North Korea: Kim Jong Un admits policy failures as party congress opens

North Korea: Kim Jong Un admits policy failures as party congress opens

Kim Jong Un said the country's economic goals were not met "in almost all areas to a great extent." New development policies are expected to be set during the ongoing party congress, which is being held after five years.

North Korean leader Kim Jong Un opened the country's first ruling party meeting in five years with a rare admission of failure in policies, reported Korean Central News Agency (KCNA).

The KCNA quoted Kim saying the previous goals set in the 2016 meeting "were not met in almost all areas to a great extent." He also said the country "must not repeat the painful lessons.''

While the North Korean leader noted "shining successes" by the party, he also stated that "goals for improving the national economy have been seriously delayed."

What to expect during the congress
The Workers Party Congress kicked off in Pyongyang on Tuesday, with 4750 delegates in attendance and around 2000 spectators, state media reported on Wednesday.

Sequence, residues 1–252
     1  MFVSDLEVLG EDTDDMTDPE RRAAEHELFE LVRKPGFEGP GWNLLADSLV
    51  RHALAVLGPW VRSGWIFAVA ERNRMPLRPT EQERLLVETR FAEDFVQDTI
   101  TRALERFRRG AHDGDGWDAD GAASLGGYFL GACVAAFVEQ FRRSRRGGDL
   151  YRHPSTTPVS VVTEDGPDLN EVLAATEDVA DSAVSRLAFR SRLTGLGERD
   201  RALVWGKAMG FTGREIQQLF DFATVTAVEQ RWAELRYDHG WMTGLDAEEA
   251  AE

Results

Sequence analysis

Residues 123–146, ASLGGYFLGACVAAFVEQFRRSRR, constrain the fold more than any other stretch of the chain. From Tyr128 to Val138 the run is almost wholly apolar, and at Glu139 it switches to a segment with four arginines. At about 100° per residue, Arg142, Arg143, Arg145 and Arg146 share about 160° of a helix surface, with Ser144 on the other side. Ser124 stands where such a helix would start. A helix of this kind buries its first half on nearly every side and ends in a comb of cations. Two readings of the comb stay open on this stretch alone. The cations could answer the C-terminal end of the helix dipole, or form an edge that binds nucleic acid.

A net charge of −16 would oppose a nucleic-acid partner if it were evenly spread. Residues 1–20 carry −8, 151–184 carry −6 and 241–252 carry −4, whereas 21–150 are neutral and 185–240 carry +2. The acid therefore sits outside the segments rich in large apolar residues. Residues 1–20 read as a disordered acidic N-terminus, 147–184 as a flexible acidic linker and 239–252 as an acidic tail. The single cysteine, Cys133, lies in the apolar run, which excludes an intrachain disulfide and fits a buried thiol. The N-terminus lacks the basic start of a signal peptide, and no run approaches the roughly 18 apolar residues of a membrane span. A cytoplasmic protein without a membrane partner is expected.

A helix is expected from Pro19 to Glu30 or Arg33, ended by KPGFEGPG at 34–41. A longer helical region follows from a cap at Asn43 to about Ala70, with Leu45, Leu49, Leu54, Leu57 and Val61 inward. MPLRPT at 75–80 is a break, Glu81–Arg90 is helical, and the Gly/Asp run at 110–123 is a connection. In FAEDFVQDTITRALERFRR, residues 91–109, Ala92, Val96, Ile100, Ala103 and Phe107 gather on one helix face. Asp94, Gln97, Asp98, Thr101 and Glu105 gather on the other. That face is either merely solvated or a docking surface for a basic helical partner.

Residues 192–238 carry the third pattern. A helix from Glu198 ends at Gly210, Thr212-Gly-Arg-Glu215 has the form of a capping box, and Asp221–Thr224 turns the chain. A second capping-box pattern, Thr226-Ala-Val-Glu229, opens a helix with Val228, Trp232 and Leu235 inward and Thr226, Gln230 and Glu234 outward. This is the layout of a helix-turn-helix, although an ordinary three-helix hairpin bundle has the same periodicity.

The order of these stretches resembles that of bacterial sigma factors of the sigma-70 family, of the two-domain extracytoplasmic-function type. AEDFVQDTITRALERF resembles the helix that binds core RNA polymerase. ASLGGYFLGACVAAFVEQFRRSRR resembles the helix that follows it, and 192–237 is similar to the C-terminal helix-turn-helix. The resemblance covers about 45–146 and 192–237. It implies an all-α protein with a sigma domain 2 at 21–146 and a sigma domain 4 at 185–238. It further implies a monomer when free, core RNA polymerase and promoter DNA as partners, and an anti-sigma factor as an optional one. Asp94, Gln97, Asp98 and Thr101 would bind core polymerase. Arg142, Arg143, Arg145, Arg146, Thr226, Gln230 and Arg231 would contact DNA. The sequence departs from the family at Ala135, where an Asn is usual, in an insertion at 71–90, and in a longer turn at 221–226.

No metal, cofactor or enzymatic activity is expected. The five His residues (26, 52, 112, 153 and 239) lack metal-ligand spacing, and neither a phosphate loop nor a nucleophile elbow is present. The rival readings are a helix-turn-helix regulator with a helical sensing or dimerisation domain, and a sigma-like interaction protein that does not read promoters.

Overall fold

North Korea has said it will lay out a new development program for the next five years at the ongoing meeting.

Kim is also expected to announce leadership changes — which could include a new role for his sister Kim Yo Jong — as well as budget, organization and audit issues.

Experts also expect Pyongyang to use the party congress to send a message to incoming US President Joe Biden, who is expected to change his diplomatic approach with North Korea compared to the tactics used by President Donald Trump.

Kim said in his opening speech that the country had achieved "miraculous victory" by increasing its global prestige. He was referring to North Korea's successful tests in 2017 of intercontinental
ballistic missiles capable of striking the US, as well as his diplomatic talks with Trump.

Economic challenges
The 2016 party congress had been the first such congress to be held in almost 40 years, and had cemented Kim Jong Un's status as the leader of the nation and the heir of his family's dynasty.

Last year, North Korea had quietly scrapped its previous five-year economic plan, as the economy faced multiple challenges and found the goals to be "seriously delayed." In 2020, typhoons and floods in the country destroyed farms, housing, and infrastructure in the country.

The issues were worsened by the coronavirus pandemic, which made the already isolated country shut down borders to the rest of the world. North Korea's border closure with its biggest trading partner China has seen the trade volume by about 80% in the first 11 months of 2020.

North Korea insists it has not had a single case of COVID-19, but experts have doubts about these claims.